Is Herm Edwards a Legit Candidate for Arizona State Job?

Is Herm Edwards a Legit Candidate for Arizona State Job?

NCAAF

Is Herm Edwards a Legit Candidate for Arizona State Job?

Seemingly out of nowhere, ESPN NFL analyst Herm Edwards has apparently become a leading candidate for the Arizona State job. Multiple outlets have reported mutual interest between the two parties on Tuesday and several reporters have confirmed there will be an interview this weekend.

So Arizona State appears to be heavily targeting a 63-year-old who hasn’t coached at any level since 2008 and whose only college experience came from 1987 to 1989 at San Jose State. So is Edwards actually a legitimate candidate for the job? Against all reason it would appear so.

Don’t get me wrong, Edwards is a great analyst and would likely be a great mentor for young players. But at his age, it’s hard to imagine him rebuilding a program from the ground up and barnstorming the nation trying to snap up recruits. Though he’d probably be a very good recruiter due to his incredibly engaging personality.

But if you’re in Edwards’ position — with a cushy, high-paying gig at ESPN — why would you want to dive head-first into the nonstop grind of college football? Maybe Edwards sees Arizona State as a low-pressure situation and his last real chance at a return to the sidelines.

In eight seasons as an NFL head coach (five with the New York Jets, three with the Kansas City Chiefs), Edwards posted a 54-74 regular season record with a 2-4 mark in four postseason appearances. His teams never made it beyond the AFC Divisional round. So it’s not like he tore things up when he was in charge.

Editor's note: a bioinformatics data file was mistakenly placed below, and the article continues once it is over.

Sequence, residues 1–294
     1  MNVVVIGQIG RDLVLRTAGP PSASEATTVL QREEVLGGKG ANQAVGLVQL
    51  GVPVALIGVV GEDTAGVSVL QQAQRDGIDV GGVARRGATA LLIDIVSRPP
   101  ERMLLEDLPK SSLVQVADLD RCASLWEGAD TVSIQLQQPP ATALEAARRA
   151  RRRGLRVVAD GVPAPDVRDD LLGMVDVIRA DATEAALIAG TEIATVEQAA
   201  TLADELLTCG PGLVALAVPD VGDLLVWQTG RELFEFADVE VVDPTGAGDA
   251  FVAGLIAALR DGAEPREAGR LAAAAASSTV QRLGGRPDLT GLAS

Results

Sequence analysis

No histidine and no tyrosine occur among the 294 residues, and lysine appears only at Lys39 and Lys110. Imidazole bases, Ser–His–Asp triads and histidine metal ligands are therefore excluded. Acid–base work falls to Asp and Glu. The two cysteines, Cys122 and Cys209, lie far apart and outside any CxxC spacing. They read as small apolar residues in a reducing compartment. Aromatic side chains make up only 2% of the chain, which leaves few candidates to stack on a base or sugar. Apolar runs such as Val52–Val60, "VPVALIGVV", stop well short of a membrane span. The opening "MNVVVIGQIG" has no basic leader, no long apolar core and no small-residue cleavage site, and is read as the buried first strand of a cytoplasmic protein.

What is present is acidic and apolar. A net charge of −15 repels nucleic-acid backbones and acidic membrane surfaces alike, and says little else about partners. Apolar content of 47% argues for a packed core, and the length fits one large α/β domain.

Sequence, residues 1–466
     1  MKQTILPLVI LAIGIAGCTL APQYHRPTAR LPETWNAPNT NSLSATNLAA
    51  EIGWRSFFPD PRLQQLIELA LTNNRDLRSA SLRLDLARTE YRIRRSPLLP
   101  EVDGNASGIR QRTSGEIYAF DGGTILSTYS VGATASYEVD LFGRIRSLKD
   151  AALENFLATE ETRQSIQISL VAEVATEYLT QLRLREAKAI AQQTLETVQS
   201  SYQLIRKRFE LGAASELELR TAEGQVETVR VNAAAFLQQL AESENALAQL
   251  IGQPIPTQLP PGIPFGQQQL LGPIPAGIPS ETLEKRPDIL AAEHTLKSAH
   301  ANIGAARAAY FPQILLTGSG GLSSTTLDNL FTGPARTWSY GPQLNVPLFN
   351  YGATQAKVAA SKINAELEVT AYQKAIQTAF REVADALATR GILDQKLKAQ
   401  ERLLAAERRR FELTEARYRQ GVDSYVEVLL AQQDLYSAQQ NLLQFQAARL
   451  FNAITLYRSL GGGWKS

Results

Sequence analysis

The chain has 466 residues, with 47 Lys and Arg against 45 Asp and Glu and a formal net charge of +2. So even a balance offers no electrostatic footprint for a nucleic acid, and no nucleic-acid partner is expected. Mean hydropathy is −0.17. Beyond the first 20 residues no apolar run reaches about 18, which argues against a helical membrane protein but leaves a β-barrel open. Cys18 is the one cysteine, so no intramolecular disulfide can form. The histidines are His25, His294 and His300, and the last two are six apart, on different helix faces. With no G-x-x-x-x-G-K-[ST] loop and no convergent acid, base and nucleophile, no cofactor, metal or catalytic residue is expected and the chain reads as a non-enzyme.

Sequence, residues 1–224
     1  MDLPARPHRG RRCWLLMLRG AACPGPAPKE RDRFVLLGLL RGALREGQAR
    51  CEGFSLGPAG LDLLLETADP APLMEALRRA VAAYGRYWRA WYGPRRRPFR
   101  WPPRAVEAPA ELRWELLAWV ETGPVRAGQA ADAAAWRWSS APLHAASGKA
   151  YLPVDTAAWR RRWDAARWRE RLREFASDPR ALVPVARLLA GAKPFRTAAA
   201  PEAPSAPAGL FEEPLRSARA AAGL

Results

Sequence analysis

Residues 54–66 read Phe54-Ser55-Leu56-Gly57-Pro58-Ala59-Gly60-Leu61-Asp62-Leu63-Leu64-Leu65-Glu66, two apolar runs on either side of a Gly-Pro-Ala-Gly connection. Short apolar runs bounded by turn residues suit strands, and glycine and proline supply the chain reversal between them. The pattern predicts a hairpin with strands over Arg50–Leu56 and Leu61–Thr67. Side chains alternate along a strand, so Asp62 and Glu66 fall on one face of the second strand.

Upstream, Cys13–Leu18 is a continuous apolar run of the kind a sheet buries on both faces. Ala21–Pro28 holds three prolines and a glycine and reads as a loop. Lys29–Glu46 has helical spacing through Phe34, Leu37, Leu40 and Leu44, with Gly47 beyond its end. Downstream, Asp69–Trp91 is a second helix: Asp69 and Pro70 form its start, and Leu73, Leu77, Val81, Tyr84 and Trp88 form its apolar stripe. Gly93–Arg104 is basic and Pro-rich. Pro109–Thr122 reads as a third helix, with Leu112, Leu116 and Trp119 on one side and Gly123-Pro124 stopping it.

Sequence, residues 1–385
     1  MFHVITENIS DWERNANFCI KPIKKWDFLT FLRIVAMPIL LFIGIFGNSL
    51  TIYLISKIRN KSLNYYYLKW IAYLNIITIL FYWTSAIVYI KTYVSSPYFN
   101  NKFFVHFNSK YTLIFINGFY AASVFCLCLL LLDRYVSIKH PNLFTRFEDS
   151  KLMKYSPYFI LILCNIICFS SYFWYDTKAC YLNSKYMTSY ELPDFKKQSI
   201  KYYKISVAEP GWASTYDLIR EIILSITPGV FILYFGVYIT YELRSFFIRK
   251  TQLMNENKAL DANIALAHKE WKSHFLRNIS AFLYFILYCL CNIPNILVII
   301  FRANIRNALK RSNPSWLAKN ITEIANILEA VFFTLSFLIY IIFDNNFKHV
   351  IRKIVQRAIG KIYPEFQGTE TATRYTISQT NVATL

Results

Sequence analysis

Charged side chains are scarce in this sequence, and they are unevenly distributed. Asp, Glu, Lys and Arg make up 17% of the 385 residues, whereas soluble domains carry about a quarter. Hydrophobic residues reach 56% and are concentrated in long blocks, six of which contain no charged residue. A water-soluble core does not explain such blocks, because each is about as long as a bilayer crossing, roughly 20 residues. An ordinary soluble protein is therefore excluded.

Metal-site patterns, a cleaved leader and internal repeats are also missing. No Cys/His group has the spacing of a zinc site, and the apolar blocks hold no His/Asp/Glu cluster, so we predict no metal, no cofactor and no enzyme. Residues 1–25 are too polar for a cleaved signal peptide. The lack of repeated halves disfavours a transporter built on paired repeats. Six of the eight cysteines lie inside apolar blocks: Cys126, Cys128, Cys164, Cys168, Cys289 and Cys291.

Edwards has become a wildly popular analyst due to his personality and football intelligence. It feels like that’s what he was born to do.

Arizona State is extremely high on offensive coordinator Billy Napier and defensive coordinator Phil Bennett. Rumors have circulated that the school would prefer to keep both on the team’s next staff, which is why a guy like Edwards might make sense. He could come in as a CEO-type coach to be the figurehead while his coordinators did the majority of the legwork.

In fact, Bruce Feldman believes that’s the current plan:

Would Edwards really agree to take a job where he didn’t get to pick his own staff? I’m not so sure. If Arizona State was willing to commit considerable resources to him, maybe that would happen. It seems like an odd choice for both parties at this point, but stranger things have happened.

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